Potatoes are the fourth most produced crop in the world with around 376.5 million tonnes recorded in 2013 (FAOSTAT, 2015). They are an important source of carbohydrate and contain dietary fibre and vitamins C and B6. Whilst being a high value crop, they can be challenging to cultivate and are subject to a number of serious pests and pathogens including plant parasitic nematodes. Left unmanaged, nematodes can escalate within the soil causing both yield loss and quality issues for the major potato sectors. The potato cyst nematodes (PCN) have quarantine status in numerous countries worldwide due to their destructive nature and long term persistence. In the advent of diminishing pesticide options and tightening legislation, new developments in PCN management are in high demand by the industry. With this in mind the 4th Symposium of Potato Cyst Nematode Management held at Harper Adams University (Shropshire, UK) took place at an important juncture of time, providing a fitting forum for researchers, crop managers, agronomists, plant breeders and industry representatives to meet and discuss future research. The scope of this symposium was widened to include other important nematode parasites of potatoes and covered many important aspects including biology, population dynamics, legislation - EU policy, international distribution, sampling and decision making, diagnostics, integrated management, resistance (including GM plants), cultural control, chemical control, biological control and novel control methods. During this 2-day event, delegates heard about recent research developments and viewed field based demonstrations.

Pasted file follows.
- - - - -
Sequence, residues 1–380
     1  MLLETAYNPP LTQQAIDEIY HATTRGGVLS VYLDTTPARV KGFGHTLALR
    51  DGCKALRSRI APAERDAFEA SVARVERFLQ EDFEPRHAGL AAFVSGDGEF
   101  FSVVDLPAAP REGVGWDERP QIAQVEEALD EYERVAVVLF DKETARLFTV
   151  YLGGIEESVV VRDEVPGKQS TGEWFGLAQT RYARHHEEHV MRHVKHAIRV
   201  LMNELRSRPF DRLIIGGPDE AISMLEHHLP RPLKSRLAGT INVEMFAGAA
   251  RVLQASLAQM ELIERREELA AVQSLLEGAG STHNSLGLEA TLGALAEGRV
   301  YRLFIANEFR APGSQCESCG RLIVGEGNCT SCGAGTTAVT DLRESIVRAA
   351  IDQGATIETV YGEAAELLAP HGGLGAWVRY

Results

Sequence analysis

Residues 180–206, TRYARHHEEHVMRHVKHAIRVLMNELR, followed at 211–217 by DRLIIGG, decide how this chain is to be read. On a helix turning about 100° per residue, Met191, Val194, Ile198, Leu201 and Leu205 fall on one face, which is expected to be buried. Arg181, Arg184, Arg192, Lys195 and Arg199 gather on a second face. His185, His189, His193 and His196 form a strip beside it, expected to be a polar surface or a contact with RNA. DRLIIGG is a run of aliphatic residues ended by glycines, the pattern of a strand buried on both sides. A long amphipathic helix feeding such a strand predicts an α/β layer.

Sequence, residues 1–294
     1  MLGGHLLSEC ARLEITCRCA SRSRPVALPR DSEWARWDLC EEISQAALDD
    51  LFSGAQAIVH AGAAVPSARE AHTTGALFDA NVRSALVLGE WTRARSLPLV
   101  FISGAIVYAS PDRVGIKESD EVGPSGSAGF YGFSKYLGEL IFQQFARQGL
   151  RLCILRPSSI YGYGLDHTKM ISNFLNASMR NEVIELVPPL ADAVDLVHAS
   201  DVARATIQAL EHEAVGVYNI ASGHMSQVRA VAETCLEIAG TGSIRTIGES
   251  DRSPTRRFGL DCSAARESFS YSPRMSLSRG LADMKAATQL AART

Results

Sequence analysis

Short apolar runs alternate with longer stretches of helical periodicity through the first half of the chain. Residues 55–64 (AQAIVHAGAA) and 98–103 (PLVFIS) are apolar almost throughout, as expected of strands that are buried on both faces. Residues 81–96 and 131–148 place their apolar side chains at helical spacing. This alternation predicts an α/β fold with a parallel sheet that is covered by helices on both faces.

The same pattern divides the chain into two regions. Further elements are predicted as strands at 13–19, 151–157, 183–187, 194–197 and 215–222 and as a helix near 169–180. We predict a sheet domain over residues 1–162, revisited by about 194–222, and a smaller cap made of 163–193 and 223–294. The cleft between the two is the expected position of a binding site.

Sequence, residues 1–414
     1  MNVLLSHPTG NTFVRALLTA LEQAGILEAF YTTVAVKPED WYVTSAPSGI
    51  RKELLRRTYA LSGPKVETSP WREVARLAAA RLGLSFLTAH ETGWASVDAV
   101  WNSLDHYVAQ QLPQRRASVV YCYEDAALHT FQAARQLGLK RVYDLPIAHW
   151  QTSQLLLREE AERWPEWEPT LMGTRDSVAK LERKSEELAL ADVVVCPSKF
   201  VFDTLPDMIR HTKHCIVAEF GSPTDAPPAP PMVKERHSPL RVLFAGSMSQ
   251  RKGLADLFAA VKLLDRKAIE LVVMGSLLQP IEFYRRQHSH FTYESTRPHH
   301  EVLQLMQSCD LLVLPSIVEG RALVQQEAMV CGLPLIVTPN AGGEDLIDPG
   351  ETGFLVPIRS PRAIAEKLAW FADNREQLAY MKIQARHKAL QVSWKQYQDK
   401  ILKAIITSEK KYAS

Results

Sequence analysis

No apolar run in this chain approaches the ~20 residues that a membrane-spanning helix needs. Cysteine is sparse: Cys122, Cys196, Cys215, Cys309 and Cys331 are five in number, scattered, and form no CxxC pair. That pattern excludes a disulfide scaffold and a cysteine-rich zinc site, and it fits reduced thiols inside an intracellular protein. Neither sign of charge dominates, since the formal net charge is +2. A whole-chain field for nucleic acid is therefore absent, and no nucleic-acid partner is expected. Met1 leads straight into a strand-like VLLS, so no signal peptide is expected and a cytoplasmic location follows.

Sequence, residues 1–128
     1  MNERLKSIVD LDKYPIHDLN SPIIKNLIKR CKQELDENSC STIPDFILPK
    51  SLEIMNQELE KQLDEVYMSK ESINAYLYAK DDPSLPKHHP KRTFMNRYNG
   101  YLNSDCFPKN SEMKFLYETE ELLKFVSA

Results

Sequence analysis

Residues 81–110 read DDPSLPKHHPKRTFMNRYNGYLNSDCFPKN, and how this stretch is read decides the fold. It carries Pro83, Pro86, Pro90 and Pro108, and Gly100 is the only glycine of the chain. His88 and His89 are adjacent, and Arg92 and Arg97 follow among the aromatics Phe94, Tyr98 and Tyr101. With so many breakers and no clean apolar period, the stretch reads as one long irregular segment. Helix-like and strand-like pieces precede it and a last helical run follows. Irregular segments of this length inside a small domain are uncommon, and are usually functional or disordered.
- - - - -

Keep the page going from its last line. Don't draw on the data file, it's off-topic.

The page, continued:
Matthew Back, Vivian Blok, Ivan Grove, Sue Hockland and Jon Pickup